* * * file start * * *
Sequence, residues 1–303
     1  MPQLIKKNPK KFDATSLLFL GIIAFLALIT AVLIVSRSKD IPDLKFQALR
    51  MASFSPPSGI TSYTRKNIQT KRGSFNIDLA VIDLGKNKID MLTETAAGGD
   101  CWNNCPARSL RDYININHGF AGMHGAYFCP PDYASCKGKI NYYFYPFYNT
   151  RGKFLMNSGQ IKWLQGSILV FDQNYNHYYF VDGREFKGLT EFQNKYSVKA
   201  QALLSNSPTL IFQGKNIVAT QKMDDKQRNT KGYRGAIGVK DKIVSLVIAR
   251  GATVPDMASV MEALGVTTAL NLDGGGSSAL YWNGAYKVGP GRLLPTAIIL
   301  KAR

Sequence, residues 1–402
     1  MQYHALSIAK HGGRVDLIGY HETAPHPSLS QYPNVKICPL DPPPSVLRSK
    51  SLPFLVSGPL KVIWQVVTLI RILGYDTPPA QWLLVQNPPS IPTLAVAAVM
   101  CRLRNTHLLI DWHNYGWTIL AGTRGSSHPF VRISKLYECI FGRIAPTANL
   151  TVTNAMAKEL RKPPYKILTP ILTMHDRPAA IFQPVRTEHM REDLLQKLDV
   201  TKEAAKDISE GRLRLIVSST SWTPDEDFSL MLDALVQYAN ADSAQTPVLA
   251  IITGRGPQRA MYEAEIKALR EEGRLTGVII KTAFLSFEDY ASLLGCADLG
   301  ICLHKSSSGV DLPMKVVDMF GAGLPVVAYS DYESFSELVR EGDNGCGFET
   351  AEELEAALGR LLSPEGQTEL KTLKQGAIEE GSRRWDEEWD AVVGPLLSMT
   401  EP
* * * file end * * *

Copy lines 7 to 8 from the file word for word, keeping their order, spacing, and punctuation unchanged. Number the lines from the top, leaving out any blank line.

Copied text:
   251  GATVPDMASV MEALGVTTAL NLDGGGSSAL YWNGAYKVGP GRLLPTAIIL
   301  KAR